I have never seen the show. I have never read the book. And, in case anyone was wondering, I have never been to a women’s prison. So why did I choose to go hear Piper Kerman, author of the book “Orange is the New Black,” speak on the busy Monday night of March 30? To be completely honest, I just wanted to get my newly purchased copy of the book signed. Luckily, I got much more out of it than just a signed book.
The night starts with a technical glitch, as events that happen in Science Center B often do. One of the volunteers for the event, a young man wearing an appropriately colored orange shirt, tries to pass the time by making a few awkward jokes. The audience laughs politely, but the crowd is obviously eager to see Kerman as soon as possible.
Eventually, the divine intervenes, and the video in question begins playing. The audience watches as Piper Chapman, the lead character in the Netflix original series “Orange is the New Black,” speaks.
“Look, I understand that religion makes it easier to deal with all of the random shitty things that happen to us,” Chapman, who is based off the woman we are about to meet tonight, says. “And I wish I could get on that ride, I’m sure I would be happier. But I can’t. Feelings aren’t enough. I need it to be real.”
“We cheered loudly as an organization and a community when we heard that clip,” says Greg M. Epstein, Humanist Chaplain at Harvard.
By Phillip Ramirez
Epstein’s organization, the Humanist Hub, is hosting the event. The Humanist Hub is an organization where atheist, agnostic, and non-religious people can come together to “Connect, Act, [and] Evolve,” according to the group’s motto. Epstein and his colleagues had invited Kerman to Harvard in order to award her with the Humanist Heroine of the Year Award. The award reads: “Feeling aren’t enough. I need it to be real.”
“A lot of us read the book,” Epstein continues, “and we realized that it’s so humanistic in a very deep way. It’s just pro-human, and it’s good for people to take into account the message Ms. Kerman has to share.”
Soon after the clip is played, Kerman is given a chance to share that message. Epstein welcomes Kerman to the stage amidst thunderous applause. After accepting her award, Kerman takes her place at the podium, and immediately makes clear why she is receiving the award. Kerman challenges her audience to reconsider their assumptions about the people serving time in prison, their speculations about what life is like on the other side of those prison walls, and their opinions about the effectiveness of the criminal justice system.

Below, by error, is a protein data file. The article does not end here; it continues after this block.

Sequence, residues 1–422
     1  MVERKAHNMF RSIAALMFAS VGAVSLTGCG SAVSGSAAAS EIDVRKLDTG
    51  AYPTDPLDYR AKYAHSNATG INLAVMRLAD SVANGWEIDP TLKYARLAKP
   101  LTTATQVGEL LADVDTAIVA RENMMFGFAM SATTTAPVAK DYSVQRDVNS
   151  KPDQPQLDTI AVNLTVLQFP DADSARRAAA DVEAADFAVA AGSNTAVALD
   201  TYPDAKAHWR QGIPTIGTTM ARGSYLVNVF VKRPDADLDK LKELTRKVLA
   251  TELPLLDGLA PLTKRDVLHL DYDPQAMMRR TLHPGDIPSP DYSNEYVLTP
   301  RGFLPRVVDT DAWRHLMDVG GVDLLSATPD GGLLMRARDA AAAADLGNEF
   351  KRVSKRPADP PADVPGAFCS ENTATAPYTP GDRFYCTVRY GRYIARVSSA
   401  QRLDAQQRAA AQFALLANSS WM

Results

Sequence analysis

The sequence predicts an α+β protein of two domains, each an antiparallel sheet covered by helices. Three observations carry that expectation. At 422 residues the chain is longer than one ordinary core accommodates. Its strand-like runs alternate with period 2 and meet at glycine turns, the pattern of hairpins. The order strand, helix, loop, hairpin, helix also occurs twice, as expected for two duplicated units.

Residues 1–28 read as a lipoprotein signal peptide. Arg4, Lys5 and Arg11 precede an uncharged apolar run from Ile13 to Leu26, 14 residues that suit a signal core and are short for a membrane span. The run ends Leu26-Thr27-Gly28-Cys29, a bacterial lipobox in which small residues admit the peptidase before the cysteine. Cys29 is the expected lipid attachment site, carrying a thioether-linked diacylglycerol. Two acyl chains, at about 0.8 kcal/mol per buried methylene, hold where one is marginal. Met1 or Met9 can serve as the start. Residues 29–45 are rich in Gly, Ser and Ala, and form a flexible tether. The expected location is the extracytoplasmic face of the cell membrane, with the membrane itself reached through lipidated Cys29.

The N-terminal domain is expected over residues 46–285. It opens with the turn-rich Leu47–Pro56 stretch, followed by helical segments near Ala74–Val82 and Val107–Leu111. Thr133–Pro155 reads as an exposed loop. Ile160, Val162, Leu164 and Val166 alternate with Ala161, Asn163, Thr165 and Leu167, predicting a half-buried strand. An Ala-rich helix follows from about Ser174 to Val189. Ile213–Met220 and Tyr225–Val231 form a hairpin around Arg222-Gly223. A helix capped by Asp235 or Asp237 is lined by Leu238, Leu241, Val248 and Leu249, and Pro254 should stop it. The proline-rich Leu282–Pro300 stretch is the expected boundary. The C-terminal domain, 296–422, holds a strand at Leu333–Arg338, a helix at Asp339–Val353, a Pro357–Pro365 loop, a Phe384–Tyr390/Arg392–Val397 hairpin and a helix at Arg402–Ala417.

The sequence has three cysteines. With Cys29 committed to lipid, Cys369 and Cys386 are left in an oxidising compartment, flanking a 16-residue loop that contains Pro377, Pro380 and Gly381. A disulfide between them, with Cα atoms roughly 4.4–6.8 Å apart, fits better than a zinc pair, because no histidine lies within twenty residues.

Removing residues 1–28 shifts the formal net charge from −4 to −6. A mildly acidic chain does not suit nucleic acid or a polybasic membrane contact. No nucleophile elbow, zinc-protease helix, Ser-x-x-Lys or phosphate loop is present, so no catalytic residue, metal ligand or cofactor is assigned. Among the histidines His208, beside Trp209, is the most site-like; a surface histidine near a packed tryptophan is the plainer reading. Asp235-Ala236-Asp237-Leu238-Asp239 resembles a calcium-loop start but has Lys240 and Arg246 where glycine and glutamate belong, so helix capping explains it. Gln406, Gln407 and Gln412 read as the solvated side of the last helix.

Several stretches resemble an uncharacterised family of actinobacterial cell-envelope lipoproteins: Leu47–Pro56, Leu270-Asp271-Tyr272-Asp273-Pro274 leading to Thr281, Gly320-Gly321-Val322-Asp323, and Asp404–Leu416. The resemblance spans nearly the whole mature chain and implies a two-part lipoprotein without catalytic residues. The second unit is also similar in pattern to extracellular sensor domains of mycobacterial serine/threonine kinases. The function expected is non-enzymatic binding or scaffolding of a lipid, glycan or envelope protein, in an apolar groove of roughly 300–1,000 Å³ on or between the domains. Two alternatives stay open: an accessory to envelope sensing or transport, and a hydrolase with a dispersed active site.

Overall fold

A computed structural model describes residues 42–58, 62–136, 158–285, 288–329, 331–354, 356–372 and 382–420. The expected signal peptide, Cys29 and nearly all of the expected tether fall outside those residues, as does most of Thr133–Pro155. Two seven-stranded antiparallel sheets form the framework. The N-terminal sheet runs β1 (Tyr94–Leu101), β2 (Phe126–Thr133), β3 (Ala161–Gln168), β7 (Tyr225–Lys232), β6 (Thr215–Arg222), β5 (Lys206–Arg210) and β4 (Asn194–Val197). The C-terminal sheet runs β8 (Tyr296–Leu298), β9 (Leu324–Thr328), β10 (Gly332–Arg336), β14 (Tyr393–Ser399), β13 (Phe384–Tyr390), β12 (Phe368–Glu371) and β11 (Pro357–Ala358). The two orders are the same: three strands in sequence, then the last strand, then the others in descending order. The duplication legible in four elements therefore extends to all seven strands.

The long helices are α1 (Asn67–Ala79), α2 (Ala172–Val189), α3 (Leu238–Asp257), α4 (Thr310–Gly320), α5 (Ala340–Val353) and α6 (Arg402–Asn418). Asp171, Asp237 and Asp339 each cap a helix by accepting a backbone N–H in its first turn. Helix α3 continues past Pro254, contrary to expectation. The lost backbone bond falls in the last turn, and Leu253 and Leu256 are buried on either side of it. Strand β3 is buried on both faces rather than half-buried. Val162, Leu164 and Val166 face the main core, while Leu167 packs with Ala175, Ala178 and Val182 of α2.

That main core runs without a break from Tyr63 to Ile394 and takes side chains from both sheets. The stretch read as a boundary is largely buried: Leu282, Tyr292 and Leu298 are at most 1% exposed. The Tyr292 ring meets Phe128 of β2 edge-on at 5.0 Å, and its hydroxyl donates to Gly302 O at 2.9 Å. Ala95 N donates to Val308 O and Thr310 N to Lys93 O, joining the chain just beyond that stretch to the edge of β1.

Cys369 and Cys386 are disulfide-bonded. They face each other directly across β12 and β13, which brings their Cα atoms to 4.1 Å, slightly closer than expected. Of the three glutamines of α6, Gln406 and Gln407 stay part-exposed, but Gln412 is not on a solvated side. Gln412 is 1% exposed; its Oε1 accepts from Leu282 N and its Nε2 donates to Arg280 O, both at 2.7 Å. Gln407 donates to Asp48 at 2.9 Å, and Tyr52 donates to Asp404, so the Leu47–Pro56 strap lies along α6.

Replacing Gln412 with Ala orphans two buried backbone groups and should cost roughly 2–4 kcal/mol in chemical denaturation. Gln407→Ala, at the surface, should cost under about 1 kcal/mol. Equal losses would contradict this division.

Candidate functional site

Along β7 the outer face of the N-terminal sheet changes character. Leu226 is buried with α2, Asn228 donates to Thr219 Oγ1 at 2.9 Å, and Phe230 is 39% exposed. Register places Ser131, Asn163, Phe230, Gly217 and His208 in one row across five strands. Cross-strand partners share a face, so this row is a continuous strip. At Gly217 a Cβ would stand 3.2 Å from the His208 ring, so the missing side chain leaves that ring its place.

“The themes that I think are most important in the book, that I hope come through loud and clear, are themes around race and class, which are the two biggest determinants in terms of who will be incarcerated in this country and
who will not,” Kerman states. “We know that in this country, the criminal justice system disportionately pursues and disproportionately punishes people of color and, very disproportionately, low income people.”
Although Kerman advocates for criminal justice and prison reform throughout the night, her true message is that the people in our nation’s prisons are human too.
“A prison is a place incredibly devoid of color,” Kerman says. “All the real color and vibrancy and life come from the people filling up these institutions.... And I thought it was important [to write this book], because I was just so incredibly rescued and saved and validated by the humanity of the other women I did time with.... I hoped that the reader might feel that way as they walked in my shoes, or walked in the shoes of one of the other women who is depicted in the book. ”
By the time Kerman concludes, the room felt a little bit different. Kerman’s message of humanism had truly touched the hearts and minds of all who were present. And I as I stand as the final member of the line to get my book signed, it finally hits me. I’m glad I hadn’t read the book or seen the show before coming to see Piper Kerman. I wouldn’t have seen her the way she wanted me to, the way she wanted all of us present to. Instead of seeing a character from a show or the narrator of a book, I saw a human being.